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Why It’s Never Too Early to Design for Diversity

We’ve seen how putting bias-reducing hiring practices and inclusive culture initiatives on the back-burner for too long can build up and erupt: Uber, Google, Tesla—the list goes on.

Fast growth companies with “we’ll focus on diversity later” mentalities have suffered reputational blows as blog posts, emails, and internal memos are exposing weak commitments to diversity and inclusion pledges.

Although it may be too early to tell how long it will take for some of these brands to recover from their respective media backlash, startup founders and entrepreneurs already have a lot to learn from these company culture disasters.

How does your company avoid ending up on Glassdoor’s “worst places to work” list? It’s simple: make diversity and inclusion a core value of your company, and implement the strategy to make it happen.

The benefits of diversity and inclusion in the workplace isn’t really a question. McKinsey found that gender-diverse companies were 15 per cent more likely to financially outperform their competitors, and that ethnically-diverse companies were 35 per cent more likely to financially outperform. That’s probably because diverse teams are more likely to question the status quo and think “outside the box,” making them more likely to report growth in market share or capture a new market. The question that comes out of these discussions is, “So when is the right time to make diversity and inclusion a priority?”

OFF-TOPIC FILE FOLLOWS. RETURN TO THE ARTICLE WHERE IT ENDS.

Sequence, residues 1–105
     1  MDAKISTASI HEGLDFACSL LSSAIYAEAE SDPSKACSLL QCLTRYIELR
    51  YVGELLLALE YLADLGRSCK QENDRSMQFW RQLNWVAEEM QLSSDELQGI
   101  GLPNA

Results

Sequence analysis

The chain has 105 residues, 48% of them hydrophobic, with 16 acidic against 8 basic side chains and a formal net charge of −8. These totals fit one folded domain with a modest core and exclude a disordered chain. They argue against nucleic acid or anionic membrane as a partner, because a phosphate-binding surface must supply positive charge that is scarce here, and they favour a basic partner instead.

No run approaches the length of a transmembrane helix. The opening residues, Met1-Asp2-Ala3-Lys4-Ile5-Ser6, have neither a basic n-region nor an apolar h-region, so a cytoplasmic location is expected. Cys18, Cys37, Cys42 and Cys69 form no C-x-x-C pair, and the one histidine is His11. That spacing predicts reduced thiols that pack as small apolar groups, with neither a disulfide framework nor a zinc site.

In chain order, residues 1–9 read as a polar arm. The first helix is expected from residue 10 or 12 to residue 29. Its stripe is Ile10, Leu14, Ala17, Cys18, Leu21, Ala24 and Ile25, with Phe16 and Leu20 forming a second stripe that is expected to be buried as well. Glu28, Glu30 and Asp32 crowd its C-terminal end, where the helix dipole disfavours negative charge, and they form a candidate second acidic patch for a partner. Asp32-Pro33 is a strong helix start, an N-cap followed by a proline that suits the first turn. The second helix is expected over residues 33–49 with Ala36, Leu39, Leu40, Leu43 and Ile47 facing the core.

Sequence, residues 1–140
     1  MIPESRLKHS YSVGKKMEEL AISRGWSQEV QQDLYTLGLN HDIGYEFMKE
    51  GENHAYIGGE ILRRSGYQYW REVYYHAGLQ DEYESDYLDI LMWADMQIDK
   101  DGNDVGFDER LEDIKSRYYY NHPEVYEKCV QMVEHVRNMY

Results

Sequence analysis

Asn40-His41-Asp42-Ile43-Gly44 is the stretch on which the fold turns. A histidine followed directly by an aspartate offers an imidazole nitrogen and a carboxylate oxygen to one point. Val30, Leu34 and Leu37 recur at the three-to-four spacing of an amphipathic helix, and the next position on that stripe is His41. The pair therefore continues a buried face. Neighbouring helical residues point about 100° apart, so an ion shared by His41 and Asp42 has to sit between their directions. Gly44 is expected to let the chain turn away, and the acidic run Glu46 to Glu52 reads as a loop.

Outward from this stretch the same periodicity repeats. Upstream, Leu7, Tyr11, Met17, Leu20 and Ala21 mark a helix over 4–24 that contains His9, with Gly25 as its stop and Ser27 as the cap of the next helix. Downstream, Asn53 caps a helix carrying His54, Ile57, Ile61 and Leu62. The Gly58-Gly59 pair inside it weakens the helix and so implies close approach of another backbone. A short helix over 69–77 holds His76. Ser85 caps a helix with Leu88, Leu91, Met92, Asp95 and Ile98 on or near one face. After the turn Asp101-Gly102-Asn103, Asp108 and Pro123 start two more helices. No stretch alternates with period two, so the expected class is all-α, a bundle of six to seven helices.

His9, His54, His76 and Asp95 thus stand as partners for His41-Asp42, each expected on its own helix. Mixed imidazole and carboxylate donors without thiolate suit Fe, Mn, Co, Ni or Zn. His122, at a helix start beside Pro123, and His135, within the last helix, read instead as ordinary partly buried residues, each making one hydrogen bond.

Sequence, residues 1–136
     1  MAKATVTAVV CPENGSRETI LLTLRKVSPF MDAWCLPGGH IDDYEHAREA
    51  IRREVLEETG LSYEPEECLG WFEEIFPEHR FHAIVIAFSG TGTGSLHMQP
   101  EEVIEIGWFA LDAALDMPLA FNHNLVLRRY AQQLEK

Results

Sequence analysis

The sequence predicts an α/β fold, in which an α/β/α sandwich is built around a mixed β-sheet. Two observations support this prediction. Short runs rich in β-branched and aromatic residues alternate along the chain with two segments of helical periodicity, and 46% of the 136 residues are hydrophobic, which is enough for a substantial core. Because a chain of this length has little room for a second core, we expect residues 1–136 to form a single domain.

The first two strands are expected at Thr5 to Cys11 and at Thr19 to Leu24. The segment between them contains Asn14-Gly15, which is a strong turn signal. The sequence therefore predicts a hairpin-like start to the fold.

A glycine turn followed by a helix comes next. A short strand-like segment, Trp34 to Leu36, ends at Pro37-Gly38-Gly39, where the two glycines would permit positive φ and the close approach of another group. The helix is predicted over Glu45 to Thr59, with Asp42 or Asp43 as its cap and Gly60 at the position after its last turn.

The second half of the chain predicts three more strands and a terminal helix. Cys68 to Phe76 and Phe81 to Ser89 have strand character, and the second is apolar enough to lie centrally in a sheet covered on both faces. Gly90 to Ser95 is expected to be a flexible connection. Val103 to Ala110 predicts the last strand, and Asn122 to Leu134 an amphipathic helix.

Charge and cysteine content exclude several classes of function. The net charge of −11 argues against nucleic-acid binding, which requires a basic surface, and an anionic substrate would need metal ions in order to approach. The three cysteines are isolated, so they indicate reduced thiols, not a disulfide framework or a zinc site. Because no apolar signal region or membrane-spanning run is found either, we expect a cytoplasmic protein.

The answer: it’s never too early. The cumulation of these tech sector PR disasters have made that clear. It’s a crutch of startups; founders’ first hires tend to be within their own networks (which is often a homogenous group), and as the company scales, these first employees draw from their own social circles and networks. By the time an organization reaches a size at which it starts to develop brand recognition and media attraction, it has often already implemented unconsciously biased hiring processes and an established company monoculture. It’s nearly impossible to work backwards from there.

Venture capital firm KPCB chair John Doerr has a solution. Doerr’s advice to startup founders and entrepreneurs is that your first hire should be your head of recruiting and talent acquisition. Why? Quotas or PR statements about a “commitment” to diversity may slightly increase the volume of diverse talent getting in the door, but once these hires get into a monoculture where they feel like outsiders, turnover is inevitable.

If you truly believe people are your company’s greatest asset, treat them that way. Talent acquisition managers use metrics and data to invest in a culture where people are engaged and included, which allows organizations, teams, and individuals to do amazing things.

Clarity and alignment are key; that’s why it’s not enough to just hire a head of talent acquisition to set quotas and metrics without foundational company values. At the same time, it’s not enough to write your company’s commitment to diversity and inclusion on the wall and call it a day. Values and strategy must collaborate in an iterative and actionable way.